It is known that migraines affect women more than three times the rate of men, but the reason for this is unknown for decades.
Migraines are a type of headaches that occur from time to time and are associated with blurred vision, nausea, vomiting, and increased sensitivity to light and sounds. It is one of the most common diseases around the world.
Previous studies have found that the hormone calcitonin CGRP plays a role in the infection of this headache.
In a new step, researchers from the University of Texas, the United States conducted a preliminary clinical trial on rats and mice, through which they obtained information that may explain why women are infected with the sister at a higher rate than men. The researchers found that injecting the hormone calcitonin CGRP in the female brain brain stimulates the injury of the sister, while it does not do the same when injected into male brain victims.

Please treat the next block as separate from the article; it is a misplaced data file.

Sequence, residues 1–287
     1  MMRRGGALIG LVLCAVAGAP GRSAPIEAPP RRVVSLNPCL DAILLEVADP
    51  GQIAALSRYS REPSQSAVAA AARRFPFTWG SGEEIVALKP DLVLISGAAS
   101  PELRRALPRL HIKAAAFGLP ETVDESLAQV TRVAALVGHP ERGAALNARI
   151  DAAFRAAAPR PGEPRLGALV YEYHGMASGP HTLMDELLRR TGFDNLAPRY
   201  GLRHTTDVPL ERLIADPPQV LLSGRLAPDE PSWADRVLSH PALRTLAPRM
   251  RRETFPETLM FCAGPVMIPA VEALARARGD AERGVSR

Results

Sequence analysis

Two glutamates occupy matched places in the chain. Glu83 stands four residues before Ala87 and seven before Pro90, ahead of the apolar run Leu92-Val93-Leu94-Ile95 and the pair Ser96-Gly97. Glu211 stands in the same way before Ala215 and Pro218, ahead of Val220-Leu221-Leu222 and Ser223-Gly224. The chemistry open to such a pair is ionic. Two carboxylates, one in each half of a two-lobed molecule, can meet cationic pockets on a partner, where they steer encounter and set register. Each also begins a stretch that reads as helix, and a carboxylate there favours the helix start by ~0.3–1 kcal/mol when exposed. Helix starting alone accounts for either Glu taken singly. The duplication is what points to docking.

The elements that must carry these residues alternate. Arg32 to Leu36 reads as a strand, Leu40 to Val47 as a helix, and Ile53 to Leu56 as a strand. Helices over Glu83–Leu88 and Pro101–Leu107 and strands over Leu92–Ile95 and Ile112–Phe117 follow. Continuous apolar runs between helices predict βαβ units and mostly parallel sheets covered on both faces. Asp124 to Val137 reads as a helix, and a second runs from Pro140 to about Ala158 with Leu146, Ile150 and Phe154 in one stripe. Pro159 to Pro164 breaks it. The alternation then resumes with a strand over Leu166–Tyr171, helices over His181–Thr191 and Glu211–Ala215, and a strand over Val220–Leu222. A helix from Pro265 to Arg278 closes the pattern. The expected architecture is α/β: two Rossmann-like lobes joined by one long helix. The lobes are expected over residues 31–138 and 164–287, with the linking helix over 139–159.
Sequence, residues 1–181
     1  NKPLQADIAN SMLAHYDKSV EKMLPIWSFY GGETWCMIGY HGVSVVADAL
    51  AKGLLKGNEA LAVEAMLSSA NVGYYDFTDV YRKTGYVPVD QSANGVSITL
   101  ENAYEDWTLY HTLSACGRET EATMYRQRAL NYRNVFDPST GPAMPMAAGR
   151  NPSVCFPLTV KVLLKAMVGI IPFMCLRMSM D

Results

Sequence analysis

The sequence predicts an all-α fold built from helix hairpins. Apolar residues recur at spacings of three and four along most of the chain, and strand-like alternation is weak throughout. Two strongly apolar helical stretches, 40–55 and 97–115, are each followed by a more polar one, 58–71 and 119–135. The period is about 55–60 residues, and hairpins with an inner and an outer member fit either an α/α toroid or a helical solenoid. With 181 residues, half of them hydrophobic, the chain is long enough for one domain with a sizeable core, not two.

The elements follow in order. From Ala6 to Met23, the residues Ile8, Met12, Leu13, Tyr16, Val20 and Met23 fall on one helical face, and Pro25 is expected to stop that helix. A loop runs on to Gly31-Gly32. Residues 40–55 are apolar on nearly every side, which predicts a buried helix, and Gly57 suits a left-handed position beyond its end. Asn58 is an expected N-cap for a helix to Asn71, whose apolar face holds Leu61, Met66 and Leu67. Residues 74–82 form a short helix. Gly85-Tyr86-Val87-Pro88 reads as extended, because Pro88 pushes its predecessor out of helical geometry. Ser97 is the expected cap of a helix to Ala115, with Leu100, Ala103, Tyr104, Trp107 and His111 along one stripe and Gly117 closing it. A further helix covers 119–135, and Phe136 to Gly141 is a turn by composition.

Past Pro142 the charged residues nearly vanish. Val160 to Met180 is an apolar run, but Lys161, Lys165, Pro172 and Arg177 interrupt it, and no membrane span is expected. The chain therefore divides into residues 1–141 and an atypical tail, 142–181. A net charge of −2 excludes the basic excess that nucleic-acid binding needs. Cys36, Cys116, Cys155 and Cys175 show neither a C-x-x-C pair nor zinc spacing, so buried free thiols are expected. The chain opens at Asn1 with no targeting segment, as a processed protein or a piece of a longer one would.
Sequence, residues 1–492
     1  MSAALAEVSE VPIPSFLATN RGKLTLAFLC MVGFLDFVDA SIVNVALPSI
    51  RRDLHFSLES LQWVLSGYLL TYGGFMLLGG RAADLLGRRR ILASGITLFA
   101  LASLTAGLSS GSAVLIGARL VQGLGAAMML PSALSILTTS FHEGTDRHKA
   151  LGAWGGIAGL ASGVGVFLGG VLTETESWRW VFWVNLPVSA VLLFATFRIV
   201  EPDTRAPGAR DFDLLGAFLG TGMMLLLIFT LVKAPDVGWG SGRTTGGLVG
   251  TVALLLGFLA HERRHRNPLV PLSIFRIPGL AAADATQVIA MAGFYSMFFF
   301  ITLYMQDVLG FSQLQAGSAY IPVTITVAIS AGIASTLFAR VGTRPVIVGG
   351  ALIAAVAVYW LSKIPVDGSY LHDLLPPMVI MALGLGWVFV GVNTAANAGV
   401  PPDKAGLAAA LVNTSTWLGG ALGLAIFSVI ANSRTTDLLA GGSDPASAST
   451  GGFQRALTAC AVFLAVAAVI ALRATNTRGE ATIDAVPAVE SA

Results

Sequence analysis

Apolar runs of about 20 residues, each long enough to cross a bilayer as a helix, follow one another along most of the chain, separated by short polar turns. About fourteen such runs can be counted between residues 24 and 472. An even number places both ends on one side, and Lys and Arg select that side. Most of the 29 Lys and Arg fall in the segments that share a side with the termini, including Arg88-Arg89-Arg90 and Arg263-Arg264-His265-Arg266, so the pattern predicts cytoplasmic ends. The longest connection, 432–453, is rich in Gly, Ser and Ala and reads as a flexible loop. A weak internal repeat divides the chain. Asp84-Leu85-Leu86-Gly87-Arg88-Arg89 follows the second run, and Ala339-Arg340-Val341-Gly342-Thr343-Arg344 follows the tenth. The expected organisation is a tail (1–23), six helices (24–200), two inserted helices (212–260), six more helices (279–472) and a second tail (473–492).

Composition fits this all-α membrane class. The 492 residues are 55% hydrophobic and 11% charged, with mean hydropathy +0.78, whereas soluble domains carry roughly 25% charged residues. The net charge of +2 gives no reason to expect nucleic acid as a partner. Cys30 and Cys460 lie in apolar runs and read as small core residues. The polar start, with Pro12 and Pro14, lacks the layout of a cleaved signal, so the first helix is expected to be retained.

The meninges are the tissue that envelops the brain and spinal cord and is made up of three layers.
“This is just the beginning,” said Dr. Gregory Dosur, a professor of neuroscience at the University of Texas. “We found that CGRP works differently in women.”
According to the researchers, these results will open the door to further studies on the mechanism of migraine, and thus create an effective treatment for it.
The findings were published in Neuroscience
Source: Medical News Today